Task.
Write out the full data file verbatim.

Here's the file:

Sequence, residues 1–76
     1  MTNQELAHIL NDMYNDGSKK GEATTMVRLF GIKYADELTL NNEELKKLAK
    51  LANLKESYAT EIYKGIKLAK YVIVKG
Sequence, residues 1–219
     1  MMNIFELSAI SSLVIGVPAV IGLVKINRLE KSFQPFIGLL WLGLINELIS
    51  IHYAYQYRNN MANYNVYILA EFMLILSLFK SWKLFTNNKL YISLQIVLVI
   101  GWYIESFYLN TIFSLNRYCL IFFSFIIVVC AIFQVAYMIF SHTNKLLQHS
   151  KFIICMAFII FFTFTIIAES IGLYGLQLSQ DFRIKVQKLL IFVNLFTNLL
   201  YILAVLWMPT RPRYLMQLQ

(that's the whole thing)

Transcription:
Sequence, residues 1–76
     1  MTNQELAHIL NDMYNDGSKK GEATTMVRLF GIKYADELTL NNEELKKLAK
    51  LANLKESYAT EIYKGIKLAK YVIVKG
Sequence, residues 1–219
     1  MMNIFELSAI SSLVIGVPAV IGLVKINRLE KSFQPFIGLL WLGLINELIS
    51  IHYAYQYRNN MANYNVYILA EFMLILSLFK SWKLFTNNKL YISLQIVLVI
   101  GWYIESFYLN TIFSLNRYCL IFFSFIIVVC AIFQVAYMIF SHTNKLLQHS
   151  KFIICMAFII FFTFTIIAES IGLYGLQLSQ DFRIKVQKLL IFVNLFTNLL
   201  YILAVLWMPT RPRYLMQLQ